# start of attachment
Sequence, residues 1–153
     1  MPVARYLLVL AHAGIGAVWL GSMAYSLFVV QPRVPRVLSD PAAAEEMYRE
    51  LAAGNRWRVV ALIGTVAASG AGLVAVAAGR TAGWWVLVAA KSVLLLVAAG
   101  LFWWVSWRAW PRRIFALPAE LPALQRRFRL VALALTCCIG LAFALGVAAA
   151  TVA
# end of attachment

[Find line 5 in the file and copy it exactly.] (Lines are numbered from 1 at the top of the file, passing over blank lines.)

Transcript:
   151  TVA